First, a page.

Live: Killing Joke – Laugh at Your Peril

❉ Over Killing Joke’s forty year lifespan, the state of the world may not have got any better, but that’s good for us as it’s the fuel they still pour on their creative fire.

“Get off your fucking iphones! This is a virtual free zone… Turn round to the person behind you and say hello… This is a neutral space where we can enjoy ourselves!”

It’s an appropriately stern instruction from singer Jaz Coleman, a pleasing foregone conclusion that the Killing Joke front man would detest the socially isolating nature of modern personal technology. It’s anathema to the band’s philosophy of communal catharsis, in songs that turn modern angst into minor symphonies of industrial rock.

Dressed in a flight suit, eyes wide, face painted white, hair wild, Coleman twitches and jerks, like some US airforce pilot marooned in the jungles of South East Asia who’s undergone a shamanic conversion. He talks between songs about a “new Cold War”,  SAS ‘advisers’ assisting the Cambodian regime in the 1970s and Barack Obama increasing the power of the surveillance state… Over Killing Joke’s forty year lifespan, the state of the world may not have got any better, but that’s good for us as it’s the fuel they still pour on their creative fire.

Mischievously billed as the Laugh at Your Peril 40th anniversary tour, the 2018 gigs feature all four original members, who were there at the start of Killing Joke’s unique sonic journey in 1978. As well as Coleman, present and correct are Paul Ferguson (drums), Youth (bass) and guitarist Geordie Walker, cranking out fractured power chords that sound like an electric guitar scowling over a hypnotic backing of tribal drumming and dubby bass. Early PiL is clearly in Killing Joke’s musical DNA, which may be part of the reason why their canon has lasted so well.

They’ve always been loud, but soon as the first song Unspeakable starts, my ear plugs (given out free at the bar) pop out and are on the floor. That’s impressive.

There’s a bias towards material from the first two albums, which is no problem as far as I’m concerned: The Wait, Pssyche, Requiem, Unspeakable and Butcher are as confrontational as ever, while the set ranges – as far as I can tell – to 2013’s The Death and Resurrection Show. Stand outs for me are the brutal dance beats of Follow the Leaders and the insistent military chant of Eighties (whose guitar riff was famously nicked by Nirvana and slowed down on Come As you Are).

Killing Joke have produced a lot of material over four decades together and at times their output has been tunelessly atonal. When that happens towards the end of the set for a couple of songs, my attention wanders and I take some time out at the bar.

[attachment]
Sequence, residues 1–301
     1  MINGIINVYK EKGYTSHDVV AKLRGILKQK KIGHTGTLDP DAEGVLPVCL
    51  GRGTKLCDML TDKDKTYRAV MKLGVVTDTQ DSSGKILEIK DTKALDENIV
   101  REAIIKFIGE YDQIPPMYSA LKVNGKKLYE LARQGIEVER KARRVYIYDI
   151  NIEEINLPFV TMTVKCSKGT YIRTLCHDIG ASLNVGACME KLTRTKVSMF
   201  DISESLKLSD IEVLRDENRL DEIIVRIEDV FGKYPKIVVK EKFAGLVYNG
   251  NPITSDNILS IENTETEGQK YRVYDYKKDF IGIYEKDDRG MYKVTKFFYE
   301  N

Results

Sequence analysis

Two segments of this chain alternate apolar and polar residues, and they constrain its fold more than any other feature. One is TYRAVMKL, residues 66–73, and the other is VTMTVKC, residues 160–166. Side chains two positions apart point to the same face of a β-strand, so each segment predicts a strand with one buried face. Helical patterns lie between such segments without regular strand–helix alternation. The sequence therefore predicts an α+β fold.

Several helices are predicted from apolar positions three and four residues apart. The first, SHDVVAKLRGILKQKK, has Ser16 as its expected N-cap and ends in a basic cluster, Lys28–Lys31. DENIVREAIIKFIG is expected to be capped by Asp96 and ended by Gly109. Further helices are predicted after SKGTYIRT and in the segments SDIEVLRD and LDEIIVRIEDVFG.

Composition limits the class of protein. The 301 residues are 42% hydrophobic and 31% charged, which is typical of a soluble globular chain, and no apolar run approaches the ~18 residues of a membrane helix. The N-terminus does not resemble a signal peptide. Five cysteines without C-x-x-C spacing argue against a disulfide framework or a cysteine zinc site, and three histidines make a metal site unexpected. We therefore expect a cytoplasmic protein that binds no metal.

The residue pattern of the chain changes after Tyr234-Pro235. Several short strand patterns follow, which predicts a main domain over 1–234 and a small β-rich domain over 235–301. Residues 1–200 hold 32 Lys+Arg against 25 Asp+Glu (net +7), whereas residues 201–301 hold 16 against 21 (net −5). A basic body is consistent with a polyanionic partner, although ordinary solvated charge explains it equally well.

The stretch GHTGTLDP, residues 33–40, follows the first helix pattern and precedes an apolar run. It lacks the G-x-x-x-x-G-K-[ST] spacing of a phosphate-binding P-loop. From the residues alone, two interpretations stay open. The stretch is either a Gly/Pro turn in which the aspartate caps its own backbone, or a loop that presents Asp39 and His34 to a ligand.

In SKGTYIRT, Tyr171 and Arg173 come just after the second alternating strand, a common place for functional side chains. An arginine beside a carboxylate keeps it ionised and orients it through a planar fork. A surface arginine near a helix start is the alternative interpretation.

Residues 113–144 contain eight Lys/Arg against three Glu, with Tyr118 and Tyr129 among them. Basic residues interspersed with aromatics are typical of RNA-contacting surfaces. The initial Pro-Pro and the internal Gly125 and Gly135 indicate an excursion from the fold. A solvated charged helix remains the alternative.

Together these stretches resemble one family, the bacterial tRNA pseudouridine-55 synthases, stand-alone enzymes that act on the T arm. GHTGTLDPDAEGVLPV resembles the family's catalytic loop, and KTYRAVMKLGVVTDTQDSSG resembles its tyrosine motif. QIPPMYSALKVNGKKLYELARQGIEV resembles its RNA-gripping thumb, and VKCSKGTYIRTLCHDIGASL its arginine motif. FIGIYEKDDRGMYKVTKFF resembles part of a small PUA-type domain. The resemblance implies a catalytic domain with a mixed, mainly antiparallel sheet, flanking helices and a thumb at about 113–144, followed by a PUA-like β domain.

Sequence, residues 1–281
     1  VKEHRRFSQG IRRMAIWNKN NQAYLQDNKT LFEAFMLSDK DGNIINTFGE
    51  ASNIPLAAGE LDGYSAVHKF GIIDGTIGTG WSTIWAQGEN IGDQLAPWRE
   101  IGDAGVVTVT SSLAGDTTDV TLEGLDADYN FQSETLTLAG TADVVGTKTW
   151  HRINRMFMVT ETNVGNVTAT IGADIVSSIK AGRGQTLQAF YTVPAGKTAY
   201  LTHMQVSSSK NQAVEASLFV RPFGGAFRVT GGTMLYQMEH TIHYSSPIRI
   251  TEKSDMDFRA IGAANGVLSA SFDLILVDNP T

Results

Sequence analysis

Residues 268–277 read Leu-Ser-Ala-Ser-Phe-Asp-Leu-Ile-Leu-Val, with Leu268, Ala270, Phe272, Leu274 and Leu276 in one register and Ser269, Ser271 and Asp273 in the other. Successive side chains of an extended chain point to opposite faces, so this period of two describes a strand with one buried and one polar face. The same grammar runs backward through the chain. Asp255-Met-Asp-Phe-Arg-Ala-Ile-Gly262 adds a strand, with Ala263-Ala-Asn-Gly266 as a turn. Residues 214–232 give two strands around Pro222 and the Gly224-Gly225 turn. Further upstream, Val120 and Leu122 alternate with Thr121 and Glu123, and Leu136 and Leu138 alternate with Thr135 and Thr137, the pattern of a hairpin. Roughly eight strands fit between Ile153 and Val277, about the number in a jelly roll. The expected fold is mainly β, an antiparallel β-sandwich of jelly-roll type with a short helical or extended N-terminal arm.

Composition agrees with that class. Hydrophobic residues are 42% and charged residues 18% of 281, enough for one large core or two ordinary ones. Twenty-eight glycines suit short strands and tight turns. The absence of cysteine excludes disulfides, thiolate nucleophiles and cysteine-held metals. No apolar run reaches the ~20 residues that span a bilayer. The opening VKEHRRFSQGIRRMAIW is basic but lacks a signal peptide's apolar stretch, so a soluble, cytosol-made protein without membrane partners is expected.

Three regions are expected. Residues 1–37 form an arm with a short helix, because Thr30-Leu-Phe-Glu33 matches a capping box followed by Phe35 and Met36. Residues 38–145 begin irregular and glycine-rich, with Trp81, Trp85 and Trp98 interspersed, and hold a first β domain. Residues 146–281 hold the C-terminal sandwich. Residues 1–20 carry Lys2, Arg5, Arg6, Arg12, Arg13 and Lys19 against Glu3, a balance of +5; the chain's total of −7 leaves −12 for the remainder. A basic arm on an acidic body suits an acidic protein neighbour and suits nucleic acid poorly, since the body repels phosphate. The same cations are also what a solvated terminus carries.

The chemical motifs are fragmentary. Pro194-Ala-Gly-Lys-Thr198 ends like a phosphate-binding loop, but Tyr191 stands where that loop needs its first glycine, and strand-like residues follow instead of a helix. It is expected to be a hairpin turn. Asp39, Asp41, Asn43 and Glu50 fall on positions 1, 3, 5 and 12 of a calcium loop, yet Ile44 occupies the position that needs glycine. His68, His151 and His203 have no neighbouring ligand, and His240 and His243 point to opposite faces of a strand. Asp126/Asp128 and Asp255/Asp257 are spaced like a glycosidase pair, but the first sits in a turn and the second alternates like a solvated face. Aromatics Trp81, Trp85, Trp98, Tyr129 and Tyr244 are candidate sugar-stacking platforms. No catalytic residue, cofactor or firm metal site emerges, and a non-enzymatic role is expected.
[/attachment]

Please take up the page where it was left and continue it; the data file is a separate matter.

A couple of pints later, I’m back down the front for an encore that opens with their commercial high point, Love Like Blood. Reaching number 16 in the UK charts when such things mattered, it was the Joke’s perfect synthesis of gloomy, existential lyrics and prowling indie rock that, more than any of their other songs, you can dance to. Two days later as I type this, the chorus is still on repeat in my head.

Your 54 year-old correspondent takes to the mosh pit for Wardance, throwing himself into other bodies and being thrown around like it was 1980. I used to be down here all the time at gigs, but time passes for all of us and one full-on mosh is all I can manage these days. I think it’s important to put in the effort for such an indie anthem like Wardance because, soberingly, at this stage of the game I don’t know whether they’ll ever play it again, or if I’ll see them play it again.

As the cacophony of the last song dies away, something wonderfully endearing happens: for the first time this evening, a broad grin illuminates Coleman’s face. Unlikely as it may seem for these merchants of doom, the band meet for a group hug at the edge of the stage. In just over an hour, Killing Joke have gone from condemning iphones to a group selfie, with the Norwich crowd pictured cheering and applauding jubilantly in the background.

The apocalypse may be nearer than ever, but in the hands of Killing Joke it’s still one of the best nights out around.

❉ Killing Joke are celebrating their 40th anniversary this year with their extensive and ambitious world tour, for more information or to book tickets visit

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 Robert Fairclough is a film and TV journalist and blogger and a regular contributor to We Are Cult, ‘Doctor Who Magazine’, ‘Infinity’ and ‘SFX’. He is the author of The Prisoner: The Official Companion to the Classic TV Series, and co-author (with Mike Kenwood) of definitive guides to the classic TV dramas ‘The Sweeney’ and ‘Callan’.

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1 Comment

  1. It’s good of Youth to play some of Raven’s tracks. Killing Joke had two excellent bassists.

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